On Saturday, Eros released a statement on social media asking Bernstein to withdraw her suit within 24 hours. Bernstein did not withdraw, lawyers from both parties told Business Insider. Instead, Gluck says Bernstein is "doubling down."
Salame confirmed to Business Insider that they had communicated with Eros' legal team after 24 hours had passed, but declined to elaborate on the content of the communications. He also noted that the deadline was made over social media, rather than directly communicated to Bernstein's counsel.
Gluck said he received a letter from Bernstein's lawyers Monday morning "suggesting she will only withdraw her complaint if The Great Eros signs an agreement saying that she didn't copy them."
"Obviously, that will never happen," Gluck said.
"Danielle, you have become a bully," The Great Eros wrote on its Instagram story over the weekend.
"And now, you sued us, in secret, while pretending you wanted to talk to us about settling," it continued. "It does not get any lower than that. You just drove 100 mph into a brick wall, because your bulls--t stops here and now."
This isn't the first time Bernstein and WeWoreWhat has been embroiled in controversy over its designs. In July, Bernstein was accused of copying a small designer's mask designs. Screenshots posted by fashion watchdog Diet Prada allege that Bernstein contacted Karen Perez to ask for a free mask that featured a gold chain. Two days later, Bernstein allegedly told Perez she was also making a mask with a detachable chain, but assured her that she wasn't copying.
You’d think @weworewhat would have learned not to leave a paper trail by now. @americaninfluencercouncil founding member Danielle Bernstein announced today that her @shopweworewhat line would shortly be stocking linen masks adorned with a safety chain. ⠀⠀⠀⠀⠀⠀⠀⠀⠀ It’s a cute idea— and she appears to have lifted it directly from @bysecondwind , who began offering masks June 1st. On June 29, Danielle reached out to the brand via DM, and hustled some free masks. On July 2, she messaged again with a heads up... she was launching her own masks. Don’t worry, though, according to Danielle they’re not a copy! ⠀⠀⠀⠀⠀⠀⠀⠀⠀ Well, she finally showed them today and they’re nearly identical, from the linen fabrication down to the unique loop design at the sides to hold the chain. Not sure how this is helping to “sustain the integrity” of influencer marketing “for the ultimate benefit of society” as per the AIC’s goals, but at least there’s one bright side. After her carefree summer galavanting around the Hamptons, Danielle is finally wearing a mask. • #bysecondwind #wearadamnmask #wearamask #weworewhat #daniellebernstein #shopweworewhat #chain #sunglasseschain #accessory #mask #facemask #faceshield #granny #linen #overalls #neutral #asustainable #ecofriendly #receipts #papertrail #influencer #americaninfluencercouncil #blogger #fashion #ootd #wiwt #dietprada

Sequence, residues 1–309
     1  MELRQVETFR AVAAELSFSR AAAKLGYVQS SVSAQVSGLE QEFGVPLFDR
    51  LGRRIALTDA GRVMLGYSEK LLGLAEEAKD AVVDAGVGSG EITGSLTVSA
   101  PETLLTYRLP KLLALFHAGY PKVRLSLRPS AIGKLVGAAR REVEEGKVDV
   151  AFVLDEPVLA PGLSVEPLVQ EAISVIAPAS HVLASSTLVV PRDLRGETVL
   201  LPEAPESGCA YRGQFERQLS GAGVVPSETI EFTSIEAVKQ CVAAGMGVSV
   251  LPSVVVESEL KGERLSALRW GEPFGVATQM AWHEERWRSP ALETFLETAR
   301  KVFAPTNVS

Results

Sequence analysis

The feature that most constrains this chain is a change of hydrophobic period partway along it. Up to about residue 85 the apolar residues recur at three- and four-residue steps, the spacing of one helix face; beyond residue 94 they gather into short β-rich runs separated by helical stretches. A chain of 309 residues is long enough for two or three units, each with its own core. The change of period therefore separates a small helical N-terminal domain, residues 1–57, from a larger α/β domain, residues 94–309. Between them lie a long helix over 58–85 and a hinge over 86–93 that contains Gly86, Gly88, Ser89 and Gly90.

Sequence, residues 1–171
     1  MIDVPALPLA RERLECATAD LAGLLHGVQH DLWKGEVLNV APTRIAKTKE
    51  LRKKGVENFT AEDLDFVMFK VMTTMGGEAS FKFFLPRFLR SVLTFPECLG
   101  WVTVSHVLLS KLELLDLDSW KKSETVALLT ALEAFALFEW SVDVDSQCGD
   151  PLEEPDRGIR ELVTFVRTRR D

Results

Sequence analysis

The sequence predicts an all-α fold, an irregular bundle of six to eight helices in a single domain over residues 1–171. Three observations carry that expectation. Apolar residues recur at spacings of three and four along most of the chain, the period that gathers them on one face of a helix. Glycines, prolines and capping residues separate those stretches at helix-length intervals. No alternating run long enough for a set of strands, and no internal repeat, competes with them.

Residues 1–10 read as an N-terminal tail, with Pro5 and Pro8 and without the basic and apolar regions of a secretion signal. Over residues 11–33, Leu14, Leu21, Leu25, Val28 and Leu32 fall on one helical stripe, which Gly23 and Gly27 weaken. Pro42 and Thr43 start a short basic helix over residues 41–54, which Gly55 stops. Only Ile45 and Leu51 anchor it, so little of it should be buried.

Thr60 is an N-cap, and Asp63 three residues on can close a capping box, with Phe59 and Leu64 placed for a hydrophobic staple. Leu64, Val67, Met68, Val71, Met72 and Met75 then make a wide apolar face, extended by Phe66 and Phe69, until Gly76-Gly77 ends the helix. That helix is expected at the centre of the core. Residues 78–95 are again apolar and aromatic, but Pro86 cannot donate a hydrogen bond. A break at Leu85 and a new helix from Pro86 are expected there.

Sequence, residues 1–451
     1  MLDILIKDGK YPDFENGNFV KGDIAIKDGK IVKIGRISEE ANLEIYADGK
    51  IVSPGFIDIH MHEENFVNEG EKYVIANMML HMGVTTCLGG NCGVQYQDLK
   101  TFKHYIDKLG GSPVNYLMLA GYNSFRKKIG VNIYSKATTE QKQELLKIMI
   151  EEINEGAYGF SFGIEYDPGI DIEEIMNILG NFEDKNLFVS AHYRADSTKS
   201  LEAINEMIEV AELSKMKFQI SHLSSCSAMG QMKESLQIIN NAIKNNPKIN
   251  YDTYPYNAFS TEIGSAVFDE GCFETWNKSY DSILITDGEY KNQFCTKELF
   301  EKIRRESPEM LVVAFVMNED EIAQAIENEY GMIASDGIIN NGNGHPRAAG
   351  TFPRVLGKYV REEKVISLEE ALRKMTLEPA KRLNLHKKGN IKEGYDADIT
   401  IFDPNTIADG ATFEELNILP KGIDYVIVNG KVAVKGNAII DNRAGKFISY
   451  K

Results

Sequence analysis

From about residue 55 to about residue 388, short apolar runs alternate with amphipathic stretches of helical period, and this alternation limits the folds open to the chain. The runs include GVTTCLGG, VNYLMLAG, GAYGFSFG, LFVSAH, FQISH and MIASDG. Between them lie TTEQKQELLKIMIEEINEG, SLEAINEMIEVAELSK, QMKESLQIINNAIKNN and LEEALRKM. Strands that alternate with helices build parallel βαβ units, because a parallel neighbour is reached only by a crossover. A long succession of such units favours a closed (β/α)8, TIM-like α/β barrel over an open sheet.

Bernstein rose to prominence as an Instagram influencer and blogger. In 2017, she was named the Forbes 30 under 30 list. Her apparel has been carried by Macy's and she has released multiple collaborations with the swimsuit brand Onia, who is also a party in the lawsuit. In May of 2019, the team released its fourth collaborative collection. Within three hours of its release, they sold $1 million in merchandise, WWD reported.
Onia and Macy's did not respond to Business Insider's requests for comment.